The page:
PetaPixel

Washington DC Police Commanded to Leave Photographers Alone

One of the reasons photographers raise a fuss when their rights are infringed upon is to create awareness in the general public and among law enforcement. A recent lawsuit between a photojournalist and the Washington DC police department has done just that. The Washington Post reports:

District police cannot interfere with citizens as they photograph or videotape officers performing their jobs in public, according to a new directive issued by Chief Cathy L. Lanier as part of settlement in a civil lawsuit.

The six-page general order, similar to one published by police in Baltimore in November, warns officers that “a bystander has the right under the First Amendment to observe and record members in the public discharge of their duties.”

[...] “It tells police to leave people alone,” Spitzer said. “It makes it clear that if a person is in a place that interferes with police operations, the officer can ask or tell them to move to another location, but they can’t tell them to stop taking pictures.”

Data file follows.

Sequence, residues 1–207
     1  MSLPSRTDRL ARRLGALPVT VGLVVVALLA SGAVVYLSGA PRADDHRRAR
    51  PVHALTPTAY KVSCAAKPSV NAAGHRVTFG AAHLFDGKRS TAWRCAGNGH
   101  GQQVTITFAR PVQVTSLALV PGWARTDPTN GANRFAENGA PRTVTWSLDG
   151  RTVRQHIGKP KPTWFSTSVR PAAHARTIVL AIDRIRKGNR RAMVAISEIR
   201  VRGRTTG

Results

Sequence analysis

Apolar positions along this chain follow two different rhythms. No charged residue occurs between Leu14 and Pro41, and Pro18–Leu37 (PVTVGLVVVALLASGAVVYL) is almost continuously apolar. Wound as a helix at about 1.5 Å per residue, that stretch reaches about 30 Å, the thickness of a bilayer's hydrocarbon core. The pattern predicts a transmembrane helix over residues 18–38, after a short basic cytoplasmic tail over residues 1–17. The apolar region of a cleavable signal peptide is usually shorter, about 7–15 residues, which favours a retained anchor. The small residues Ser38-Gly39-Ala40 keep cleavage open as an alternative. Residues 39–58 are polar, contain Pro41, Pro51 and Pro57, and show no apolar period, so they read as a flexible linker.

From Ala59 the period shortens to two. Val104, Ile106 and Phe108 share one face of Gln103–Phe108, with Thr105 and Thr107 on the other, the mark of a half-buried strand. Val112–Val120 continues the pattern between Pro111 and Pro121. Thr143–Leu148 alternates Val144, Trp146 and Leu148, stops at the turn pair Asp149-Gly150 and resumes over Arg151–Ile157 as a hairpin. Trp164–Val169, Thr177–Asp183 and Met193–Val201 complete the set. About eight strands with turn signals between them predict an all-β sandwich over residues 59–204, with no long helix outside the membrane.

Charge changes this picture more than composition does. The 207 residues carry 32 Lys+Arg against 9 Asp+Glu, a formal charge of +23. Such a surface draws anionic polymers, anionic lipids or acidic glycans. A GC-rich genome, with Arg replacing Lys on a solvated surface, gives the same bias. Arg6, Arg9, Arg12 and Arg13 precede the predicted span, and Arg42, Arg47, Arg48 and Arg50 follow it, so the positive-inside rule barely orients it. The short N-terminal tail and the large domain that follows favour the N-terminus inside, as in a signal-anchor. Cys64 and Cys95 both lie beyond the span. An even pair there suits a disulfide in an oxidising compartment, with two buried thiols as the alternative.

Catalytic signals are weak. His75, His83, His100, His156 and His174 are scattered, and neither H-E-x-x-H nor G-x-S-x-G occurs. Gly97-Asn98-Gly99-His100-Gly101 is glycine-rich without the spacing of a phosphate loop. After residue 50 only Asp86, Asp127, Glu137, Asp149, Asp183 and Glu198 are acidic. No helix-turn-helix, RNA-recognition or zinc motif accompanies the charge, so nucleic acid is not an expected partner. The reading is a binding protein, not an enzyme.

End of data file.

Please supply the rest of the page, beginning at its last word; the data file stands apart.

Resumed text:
D.C. officers are directed to leave citizen photographers alone [The Washington Post]


Image credit: Fortress Scotus (Washington, DC) by takomabibelot


 
 
  • http://www.facebook.com/bryan.mordt Bryan Mordt

    Wow, finally some common sense being applied.

  • Elliot

    I can already see how the police officers will interpret the part that says “if a person is in a place that interferes with police operations, the officer can ask or tell them to move to another location”

  • Mansgame

    I had to do a double take. This is great! Go Cathy L. Lanier!

  • fStop

    Now it’s time to work on changing Illinois law. The jackboots arrest without cause if you take pictures of them

  • http://twitter.com/intensitystudio Antonio Carrasco

    they don’t need to change the laws, the cops just need to follow the laws

  • fStop

    Yes they do need to CHANGE Illinois law. It is against the law to photo/videopolice while they ‘perform their duties’

  • Phonana

    @antonio….fStop is correct. Check your opinion after you know the facts. Massachusetts and Maryland have similar laws, Illinois is the most restrictive and “jackbooted”. The law basically says the police have to give tippy permission to take their pic. Do you think they would stop to sign a release?